I had recently the opportunity to ride a new bike with a display offering five different screens, three different sub-screen on three of them, with an operational manual covering more pages than a short novel. I have to confess that I found myself at risk, against internal warnings, looking down on the cockpit to collect irrelevant information such as average speed, average consumption, tire pressure and range available. A clear example of the difference between knowledge and information.
Talking about the bad of distraction and lack of focus is relatively simple if one considers the time spent on the bike and the experience gained: incompetence and distraction are twin brothers and the real enemies of “safe riding”.
How to build up a discipline to fight distractions is more challenging and it varies from person to person. Only practice can refine tools to boost attention: after all, if one considers the word “attention” the meaning becomes clear: “to be tense toward” “to tend at”. And all we tend at is to keep the number of side-stand up equal to the ones of side-stand down.
I offer here three tools that I found quite effective and I leave them to the readers to select, use all, add news.
- Mental and Physical Relaxation. No good to start a ride with your mind full of problems. Leave on the left side of the bike your business problems, your family preoccupations, your financial worries, your ego and all your negative attitudes. “After you got your lid and your gloves on, and before you fire the bike up, hang your hands by your sides, close your eyes and concentrate for a minute on slowing down your breathing and emptying your mind. Once you are happy, off you go, but keep monitoring your state of mind as you ride. Starting with your feet and working up through every major muscle as hard as you can, hold for 10 seconds, then relax it. By the time you’ve finished, you’ll be completely supple and relaxed, and the concentration will have cleared your mind”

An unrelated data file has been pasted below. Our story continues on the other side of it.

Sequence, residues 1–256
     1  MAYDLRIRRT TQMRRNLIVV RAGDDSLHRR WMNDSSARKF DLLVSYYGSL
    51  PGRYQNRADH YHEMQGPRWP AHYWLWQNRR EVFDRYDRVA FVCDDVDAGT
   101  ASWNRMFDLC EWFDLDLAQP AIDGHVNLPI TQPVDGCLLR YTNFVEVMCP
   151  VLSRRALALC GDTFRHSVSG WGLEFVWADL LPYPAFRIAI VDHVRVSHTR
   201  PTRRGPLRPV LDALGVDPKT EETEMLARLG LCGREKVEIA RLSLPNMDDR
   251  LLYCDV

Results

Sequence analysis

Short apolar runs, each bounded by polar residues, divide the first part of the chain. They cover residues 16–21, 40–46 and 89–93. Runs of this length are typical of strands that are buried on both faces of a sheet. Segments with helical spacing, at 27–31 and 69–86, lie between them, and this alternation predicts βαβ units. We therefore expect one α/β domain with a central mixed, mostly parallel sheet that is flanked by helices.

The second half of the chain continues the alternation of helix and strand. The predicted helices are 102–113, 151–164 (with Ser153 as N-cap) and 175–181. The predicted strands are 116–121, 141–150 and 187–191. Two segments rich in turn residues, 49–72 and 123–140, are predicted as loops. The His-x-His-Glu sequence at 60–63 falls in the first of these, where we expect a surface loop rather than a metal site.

- Self-improvement. The moments preceding the ride must be use to clear the mind and to meditate about the task ahead. These are moments for “personal space” where the “ride to learn” attitude is gained or lost. Now it is time to fix an objective for your riding time. Keith Code in his book “The Soft Science of Road Racing Motorcycles” writes: “ It the thought that counts. Your idea of how the turn should be ridden determines how well it all works out. You turned your thoughts and ideas into motion” The rider must use this meditation moment to establish in mind a plan for the ride. A simple one or one more challenging: for improving cornering skills, to modify position on the handlebar, from improving braking, to control legs/feet holding. We should ride focused with a personal, internal, learning program and applying a valid system for correct action.
- Planning. Consider that if you fall off ten times only one of those crashes will be a genuine, unavoidable accident and the rest will be down to varying degrees of poor planning, slow reaction and inattention. Planning on the “what…if?” system, refining the capacity to take clues for all the element present in your vision and from the ones that are not there, improve the attention and put the pilot in guard against distractions. Next time your friend complains that someone pulled out of him, put him to the test: car driver didn’t see him? Fine, but if he’d seen the car driver he should have plotted all the likely scenarios and had an answer prepared for each one. Looking and planning ahead is a indispensable tool for keeping focus.
These three tools work against FEAR and TENSION, god companions for distraction and bad riding.
A tense pilot overreacts and moves “against” the bike and the road. When tense every single action is hard, jerky, and unnatural: one feels away from the machine and from the road increasing tension in a negative spiral that progresses without end.
We are riding for the joy of motorcycling and a great smile on your face is often a sign of a focused mind.